ST. PAULS, N.C. — The day after their absentee ballot arrived in the mail in September, Luis Reyes and Yomayra Torres, a couple in Robeson County, got a nighttime visitor.
It was a familiar face. The woman, Jennifer Boyd, had come with another woman a few months earlier to help the couple request their absentee ballots. Now she was back to see if they wanted help filling out the actual ballots. Reyes and Torres didn’t know who to vote for, and Boyd explained why she had voted for Mark Harris, a Republican pastor running for Congress in North Carolina’s 9th Congressional District. Torres remembers Boyd saying she was with Harris’ campaign, and she told them about all the good he had done for their community but said they should vote for whomever they wanted. Reyes and Torres didn’t know about any of the other candidates in the race, so they both decided to vote for Harris. Once they filled out their ballots, Torres says, Boyd offered to take their ballots from them, and they agreed. Torres said Boyd left with both.
It’s illegal for anyone in North Carolina, other than a “close relative,” to take custody of an absentee ballot. Reyes and Torres didn’t know that. Torres said she thought Boyd was just trying to be helpful and make it as easy as possible for them to cast their votes.
“At the time, we just thought she was being nice. She’s doing her job. She’s making sure that the vote goes in,” Torres told HuffPost outside her home. “We said, ‘Why not?’ and we just gave it to her.” Torres said she can’t recall whether the ballots she gave to Boyd were sealed or not.
“We said, ‘Why not?’ and we just gave it to her.”
Boyd appears to have worked for McCrae Dowless, a political operative who is drawing attention in an ongoing investigation of irregularities in the 9th District, according to records reviewed by HuffPost.
Reyes’ ballot was sent through to election officials, but there was something unusual on what they received. Even though Boyd was the only one who visited that night, another woman indicated she had witnessed him fill out the ballot (two witnesses are legally required to watch someone fill out an absentee ballot in North Carolina). The second woman who signed as a witness on Reyes’ ballot was Lisa Britt, who also worked for Dowless. Lying on the absentee ballot form is a Class I felony in North Carolina.
Torres isn’t sure why, but her ballot never made it to election officials. It got returned to her in the mail. Only one person had signed as a witness, she said. Her vote didn’t count in the election.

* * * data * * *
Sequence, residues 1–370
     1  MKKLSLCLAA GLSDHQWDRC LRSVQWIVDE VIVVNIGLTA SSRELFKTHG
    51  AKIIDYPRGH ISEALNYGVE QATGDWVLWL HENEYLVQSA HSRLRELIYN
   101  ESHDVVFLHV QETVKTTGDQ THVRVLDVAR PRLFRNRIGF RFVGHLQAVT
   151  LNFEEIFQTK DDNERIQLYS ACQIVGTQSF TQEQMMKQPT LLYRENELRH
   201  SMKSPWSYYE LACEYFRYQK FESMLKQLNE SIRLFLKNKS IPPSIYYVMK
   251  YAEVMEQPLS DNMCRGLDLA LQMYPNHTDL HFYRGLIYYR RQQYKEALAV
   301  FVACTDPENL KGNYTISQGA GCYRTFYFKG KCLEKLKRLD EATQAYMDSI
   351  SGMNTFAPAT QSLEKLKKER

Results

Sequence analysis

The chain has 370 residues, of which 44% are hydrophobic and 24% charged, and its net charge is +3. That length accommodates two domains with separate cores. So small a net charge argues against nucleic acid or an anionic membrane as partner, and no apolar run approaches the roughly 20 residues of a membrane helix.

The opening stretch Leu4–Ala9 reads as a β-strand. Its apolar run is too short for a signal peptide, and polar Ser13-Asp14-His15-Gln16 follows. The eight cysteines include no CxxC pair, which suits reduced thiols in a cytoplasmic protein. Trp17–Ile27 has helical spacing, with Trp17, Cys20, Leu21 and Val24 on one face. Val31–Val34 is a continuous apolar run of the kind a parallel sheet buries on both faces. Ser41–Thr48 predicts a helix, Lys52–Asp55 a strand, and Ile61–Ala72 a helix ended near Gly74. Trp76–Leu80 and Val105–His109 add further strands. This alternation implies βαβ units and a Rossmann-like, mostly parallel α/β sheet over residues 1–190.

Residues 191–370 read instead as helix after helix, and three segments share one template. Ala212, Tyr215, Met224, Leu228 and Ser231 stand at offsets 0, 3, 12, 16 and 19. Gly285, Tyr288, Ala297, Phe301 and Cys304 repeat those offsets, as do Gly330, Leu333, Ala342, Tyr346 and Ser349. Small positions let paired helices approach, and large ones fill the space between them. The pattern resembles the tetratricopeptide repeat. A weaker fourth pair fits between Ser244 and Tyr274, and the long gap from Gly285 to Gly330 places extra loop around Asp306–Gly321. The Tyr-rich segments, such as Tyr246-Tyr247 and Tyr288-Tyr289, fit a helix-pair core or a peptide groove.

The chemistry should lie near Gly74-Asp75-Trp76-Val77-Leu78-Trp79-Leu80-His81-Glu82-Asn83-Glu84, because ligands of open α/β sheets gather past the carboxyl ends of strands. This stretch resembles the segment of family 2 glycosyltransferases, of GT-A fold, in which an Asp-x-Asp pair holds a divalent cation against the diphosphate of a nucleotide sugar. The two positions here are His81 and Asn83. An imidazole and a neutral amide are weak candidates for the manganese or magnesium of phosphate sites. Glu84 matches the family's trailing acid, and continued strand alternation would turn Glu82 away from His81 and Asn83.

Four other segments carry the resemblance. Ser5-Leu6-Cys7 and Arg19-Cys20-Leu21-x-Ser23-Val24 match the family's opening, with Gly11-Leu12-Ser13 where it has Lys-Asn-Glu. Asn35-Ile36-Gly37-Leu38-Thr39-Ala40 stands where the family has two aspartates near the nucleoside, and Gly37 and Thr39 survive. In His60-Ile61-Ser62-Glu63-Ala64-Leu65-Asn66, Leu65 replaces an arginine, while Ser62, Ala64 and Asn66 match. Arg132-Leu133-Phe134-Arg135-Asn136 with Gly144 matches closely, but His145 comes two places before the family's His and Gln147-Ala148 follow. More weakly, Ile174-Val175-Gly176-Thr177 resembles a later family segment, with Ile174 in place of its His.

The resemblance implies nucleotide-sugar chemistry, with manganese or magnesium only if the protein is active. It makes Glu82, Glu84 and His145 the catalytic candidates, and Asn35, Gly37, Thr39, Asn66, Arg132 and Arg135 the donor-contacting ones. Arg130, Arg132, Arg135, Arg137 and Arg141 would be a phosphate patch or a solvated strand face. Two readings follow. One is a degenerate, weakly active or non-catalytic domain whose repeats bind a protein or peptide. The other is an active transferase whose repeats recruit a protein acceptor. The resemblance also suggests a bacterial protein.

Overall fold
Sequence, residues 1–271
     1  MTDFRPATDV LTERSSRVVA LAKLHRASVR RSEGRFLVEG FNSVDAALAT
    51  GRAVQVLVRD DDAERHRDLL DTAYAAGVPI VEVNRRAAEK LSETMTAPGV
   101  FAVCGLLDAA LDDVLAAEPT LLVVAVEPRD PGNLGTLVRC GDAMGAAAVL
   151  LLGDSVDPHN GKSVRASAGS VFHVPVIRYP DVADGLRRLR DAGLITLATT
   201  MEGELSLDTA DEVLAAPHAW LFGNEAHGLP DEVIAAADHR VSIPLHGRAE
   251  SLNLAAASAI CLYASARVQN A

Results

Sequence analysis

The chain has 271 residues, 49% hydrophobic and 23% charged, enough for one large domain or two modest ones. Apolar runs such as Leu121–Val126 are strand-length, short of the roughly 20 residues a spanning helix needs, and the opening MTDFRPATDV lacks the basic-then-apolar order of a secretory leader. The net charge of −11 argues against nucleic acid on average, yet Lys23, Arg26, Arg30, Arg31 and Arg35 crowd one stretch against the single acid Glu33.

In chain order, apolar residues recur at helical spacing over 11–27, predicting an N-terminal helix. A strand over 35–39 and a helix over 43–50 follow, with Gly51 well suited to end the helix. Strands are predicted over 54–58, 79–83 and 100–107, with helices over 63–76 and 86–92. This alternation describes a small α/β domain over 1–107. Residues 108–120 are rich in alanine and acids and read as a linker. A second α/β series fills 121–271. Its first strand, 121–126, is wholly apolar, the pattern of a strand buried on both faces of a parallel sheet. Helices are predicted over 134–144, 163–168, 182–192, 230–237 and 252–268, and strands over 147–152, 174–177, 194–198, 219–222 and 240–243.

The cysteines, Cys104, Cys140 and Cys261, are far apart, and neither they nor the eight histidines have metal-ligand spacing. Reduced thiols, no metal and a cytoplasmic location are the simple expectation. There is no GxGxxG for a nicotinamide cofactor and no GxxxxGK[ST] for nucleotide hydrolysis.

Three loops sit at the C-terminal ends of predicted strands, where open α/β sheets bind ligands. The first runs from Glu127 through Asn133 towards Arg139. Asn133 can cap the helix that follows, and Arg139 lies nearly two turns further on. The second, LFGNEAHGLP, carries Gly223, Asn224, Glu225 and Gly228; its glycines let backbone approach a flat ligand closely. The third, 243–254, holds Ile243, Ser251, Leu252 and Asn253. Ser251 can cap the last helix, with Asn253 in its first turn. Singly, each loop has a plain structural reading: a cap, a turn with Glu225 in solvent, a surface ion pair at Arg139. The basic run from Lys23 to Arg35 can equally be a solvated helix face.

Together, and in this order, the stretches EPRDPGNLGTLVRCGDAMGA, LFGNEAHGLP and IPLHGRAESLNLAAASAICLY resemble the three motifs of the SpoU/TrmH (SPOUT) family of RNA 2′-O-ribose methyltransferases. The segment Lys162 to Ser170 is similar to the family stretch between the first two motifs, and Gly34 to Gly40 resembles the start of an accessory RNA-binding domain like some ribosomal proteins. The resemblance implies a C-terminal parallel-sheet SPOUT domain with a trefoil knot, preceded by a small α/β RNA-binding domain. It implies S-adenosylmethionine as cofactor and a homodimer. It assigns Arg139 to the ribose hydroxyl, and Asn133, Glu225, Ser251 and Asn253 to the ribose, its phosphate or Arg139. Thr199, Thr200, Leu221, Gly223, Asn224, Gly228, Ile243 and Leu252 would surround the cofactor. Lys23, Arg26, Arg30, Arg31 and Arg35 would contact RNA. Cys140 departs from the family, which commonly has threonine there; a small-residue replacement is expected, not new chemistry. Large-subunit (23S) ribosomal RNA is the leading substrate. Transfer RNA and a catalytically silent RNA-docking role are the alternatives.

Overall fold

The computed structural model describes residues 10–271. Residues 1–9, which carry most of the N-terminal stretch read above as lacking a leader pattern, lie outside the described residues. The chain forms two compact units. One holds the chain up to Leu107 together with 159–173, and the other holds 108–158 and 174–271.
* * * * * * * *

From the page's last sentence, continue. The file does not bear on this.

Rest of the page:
Jared Bradford, another Robeson County voter, also told HuffPost on Friday he gave his ballot to Boyd, whom he described as a family friend. Boyd had helped him request his ballot and was present when he filled it out. He said he proposed giving it to her to handle because he didn’t have time to deal with mailing it in. Election officials did receive his ballot.
What happened to Reyes, Torres and Bradford offers more evidence of illegal activity for state investigators probing the election irregularities. Officials are gathering evidence in neighboring Bladen and Robeson counties, where a suspiciously high percentage of people requested absentee ballots that were then never counted as returned to election officials.
Torres said investigators came to her home this week to ask her about their interaction with Boyd. She said the investigators took the ballot that came back to her in the mail.
Harris appeared to have defeated Democrat Dan McCready by 905 votes, but the state board hasn’t certified that result amid the investigation. There’s still no evidence any irregularities determined the outcome of the election, and its unclear if any ballots were destroyed or tampered with. However, state investigators can order a new election if they find enough evidence to cast doubt on the results.
Dowless was hired by the Harris campaign, through a consulting group, to focus on getting out the vote through absentee ballot operations. But three of his employees have come forward to say that they actually collected the ballots from voters.
Boyd served as a witness for 55 people in Robeson County, according to a WSOC-TV analysis, an unusually high number. The Dowless employees in Bladen County who said they collected ballots also served as witnesses for a high number of people.
Records at the Robeson County Board of Elections show Boyd delivered over 230 voter registration forms in September. She hand-delivered four absentee ballots — all for members of her family.
In Robeson County, 62 percent of the requested absentee by-mail ballots went unreturned, the highest percentage in the 9th District. In Bladen County, Harris won 61 percent of the absentee by-mail vote, even though just 19 percent of those returned and accepted were from Republicans.
Torres said that she’s unlikely to vote absentee in the next election.
“I think we’ll just go personally and make sure the documents won’t be manipulated,” she said.
Andy Campbell contributed reporting from New York.